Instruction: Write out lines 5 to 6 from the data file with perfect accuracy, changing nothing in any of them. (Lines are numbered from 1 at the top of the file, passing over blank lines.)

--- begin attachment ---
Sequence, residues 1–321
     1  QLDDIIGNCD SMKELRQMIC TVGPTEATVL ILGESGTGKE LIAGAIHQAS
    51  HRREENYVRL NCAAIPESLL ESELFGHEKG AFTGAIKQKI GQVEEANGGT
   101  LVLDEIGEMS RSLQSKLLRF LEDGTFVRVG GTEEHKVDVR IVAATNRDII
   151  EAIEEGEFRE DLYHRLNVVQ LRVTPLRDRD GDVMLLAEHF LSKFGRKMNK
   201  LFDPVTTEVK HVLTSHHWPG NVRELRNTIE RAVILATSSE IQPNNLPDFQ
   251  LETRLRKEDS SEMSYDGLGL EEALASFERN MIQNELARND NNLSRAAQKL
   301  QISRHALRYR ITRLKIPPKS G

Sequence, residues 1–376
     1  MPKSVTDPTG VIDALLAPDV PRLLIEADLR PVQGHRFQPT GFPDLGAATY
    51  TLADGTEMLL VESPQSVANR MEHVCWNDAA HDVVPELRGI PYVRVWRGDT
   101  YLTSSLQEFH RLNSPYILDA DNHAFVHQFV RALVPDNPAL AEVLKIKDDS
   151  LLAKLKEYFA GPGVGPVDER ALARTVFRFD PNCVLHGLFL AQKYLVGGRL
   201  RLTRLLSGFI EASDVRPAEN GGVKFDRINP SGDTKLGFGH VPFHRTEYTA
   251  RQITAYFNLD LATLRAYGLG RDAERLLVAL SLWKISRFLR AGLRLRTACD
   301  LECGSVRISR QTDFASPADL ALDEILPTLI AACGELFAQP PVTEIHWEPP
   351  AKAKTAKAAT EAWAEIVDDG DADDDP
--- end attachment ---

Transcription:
   151  EAIEEGEFRE DLYHRLNVVQ LRVTPLRDRD GDVMLLAEHF LSKFGRKMNK
   201  LFDPVTTEVK HVLTSHHWPG NVRELRNTIE RAVILATSSE IQPNNLPDFQ